Selsey Pavilion looking southwards down Selsey High Street. Circa 1920
The front of the Selsey Pavilion looking southwards down the High Street. Circa 1930
Extensive fire damage to the roof and offices after a late night dance at the Pavilion in 1927
The Pavilion looking northwards up the High Street, with The Crown Pub on the right side. Circa 1930
The Selsey Pavilion as a thriving cinema, circa 1950

Designed by the London architect Harold Arthur Woodington (designer of Cordings) with its striking stucco plaster façade, the Pavilion is a rare and original theatre, cinema and live entertainment venue – one of a tiny handful remaining of the pre-Great War ciné-performance building boom.

Except for Chaplin’s Coffee Shop that was added by the current owners in 2015, much of the Pavilion remains as it was in the 1930s when playwright R. C. Sherriff joined the cast of the Selsey Players for their production of his world-famous First World War play ‘Journey’s End’.

The Pavilion became a year-round entertainment centre for residents and tourists alike presenting shows, films, dinners and dances that often went on into the early hours! By the mid-1940s, except festive pantomimes, the Pavilion had become a full-time cinema showing up to five films per week and popular Saturday matinees for children.

The final curtain fell on film in the Pavilion in 1974 when the building was let to an aviation catering firm for use as a packing facility until their relocation in 2007.

In recent years the Pavilion has hosted several plays staged by Arts Dream Selsey including The End of The Journey, Tonight at the Pavilion… Charlie Chaplin and Journey’s End to mark the centenary of the 1918 armistice. The late Ellis Berg, Arts Dream Selsey’s former president, unveiled a blue plaque in 2017.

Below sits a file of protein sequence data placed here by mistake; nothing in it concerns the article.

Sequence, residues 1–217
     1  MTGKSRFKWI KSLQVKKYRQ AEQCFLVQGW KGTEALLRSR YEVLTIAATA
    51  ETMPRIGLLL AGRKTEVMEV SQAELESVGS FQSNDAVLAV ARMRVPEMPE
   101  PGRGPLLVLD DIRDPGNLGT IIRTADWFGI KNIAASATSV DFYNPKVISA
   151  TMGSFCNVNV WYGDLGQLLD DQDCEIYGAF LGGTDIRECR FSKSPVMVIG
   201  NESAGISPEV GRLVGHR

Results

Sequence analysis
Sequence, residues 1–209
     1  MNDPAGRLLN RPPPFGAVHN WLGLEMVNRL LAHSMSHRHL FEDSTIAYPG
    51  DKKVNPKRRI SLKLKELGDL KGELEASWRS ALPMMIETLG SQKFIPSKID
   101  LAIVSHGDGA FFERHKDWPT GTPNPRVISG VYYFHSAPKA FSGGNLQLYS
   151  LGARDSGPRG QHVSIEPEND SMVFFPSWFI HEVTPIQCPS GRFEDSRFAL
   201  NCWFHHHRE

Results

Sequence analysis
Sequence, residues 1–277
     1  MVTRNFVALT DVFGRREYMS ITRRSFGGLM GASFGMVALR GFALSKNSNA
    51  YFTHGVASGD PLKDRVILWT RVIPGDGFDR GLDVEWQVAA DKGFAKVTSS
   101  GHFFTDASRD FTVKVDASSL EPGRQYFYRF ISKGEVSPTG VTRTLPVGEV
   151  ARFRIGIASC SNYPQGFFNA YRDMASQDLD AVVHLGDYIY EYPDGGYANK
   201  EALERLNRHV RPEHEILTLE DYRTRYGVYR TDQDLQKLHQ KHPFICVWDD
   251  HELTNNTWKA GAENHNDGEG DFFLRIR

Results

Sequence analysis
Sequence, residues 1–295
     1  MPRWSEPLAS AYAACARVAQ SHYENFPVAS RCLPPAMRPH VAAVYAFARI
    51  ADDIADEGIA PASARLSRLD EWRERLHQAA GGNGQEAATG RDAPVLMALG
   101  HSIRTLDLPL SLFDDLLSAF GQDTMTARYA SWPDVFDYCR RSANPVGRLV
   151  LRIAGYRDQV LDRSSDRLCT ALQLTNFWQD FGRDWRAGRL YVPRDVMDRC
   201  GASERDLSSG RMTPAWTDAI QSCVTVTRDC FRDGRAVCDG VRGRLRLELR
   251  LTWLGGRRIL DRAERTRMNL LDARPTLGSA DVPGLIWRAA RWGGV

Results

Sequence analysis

In February 2024, following years of careful planning and considerable fundraising, the Trust purchased the Selsey Pavilion, 50 years since its closure.

“This is the first step in the restoration and revival of Selsey’s remarkable Art Deco landmark,” said SPT’s Chairman, Christian Skelton. “We have long dreamt about bringing live entertainment, cinema and local heritage together in Selsey. Now that we have the keys, that dream is becoming a reality. We have a long way to go, but owning the Pavilion brings us closer to making it the beating heart of Selsey’s High Street again, benefitting the community and local businesses.”

The Board of Trustees are incredibly grateful for the vital financial support from The Community Ownership Fund, National Lottery Heritage Fund and National Lottery players, Garfield Weston, Swire Group, Selsey Town Council, Chichester District Council, and the Architectural Heritage Fund. This crucial funding has ensured Selsey Pavilion’s long-term future as a multi-purpose arts and heritage centre for the whole of Selsey’s community and visitors to enjoy.

Fifty years ago, the cinema doors closed, but the Pavilion’s enduring presence reflects the community’s unwavering ambition to see it thrive again. Organisations are breathing new life into many historic buildings across the UK, turning them into thriving centres for the arts and entertainment in towns, and now it is Selsey’s turn. 🥳

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